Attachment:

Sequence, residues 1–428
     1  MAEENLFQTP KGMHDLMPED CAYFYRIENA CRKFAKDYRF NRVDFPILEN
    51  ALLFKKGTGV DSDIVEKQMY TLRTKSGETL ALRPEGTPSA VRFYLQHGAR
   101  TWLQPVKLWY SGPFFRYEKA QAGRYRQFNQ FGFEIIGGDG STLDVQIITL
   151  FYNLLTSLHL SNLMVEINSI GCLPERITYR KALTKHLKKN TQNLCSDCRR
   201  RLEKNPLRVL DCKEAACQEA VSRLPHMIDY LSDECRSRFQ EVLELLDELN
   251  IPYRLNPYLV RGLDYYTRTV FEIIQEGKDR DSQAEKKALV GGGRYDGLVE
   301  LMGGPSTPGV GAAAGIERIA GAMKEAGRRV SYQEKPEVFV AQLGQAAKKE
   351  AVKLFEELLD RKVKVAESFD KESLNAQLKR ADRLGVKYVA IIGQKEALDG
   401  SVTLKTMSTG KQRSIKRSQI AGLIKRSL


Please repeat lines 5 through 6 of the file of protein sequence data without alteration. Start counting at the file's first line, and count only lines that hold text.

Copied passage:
   151  FYNLLTSLHL SNLMVEINSI GCLPERITYR KALTKHLKKN TQNLCSDCRR
   201  RLEKNPLRVL DCKEAACQEA VSRLPHMIDY LSDECRSRFQ EVLELLDELN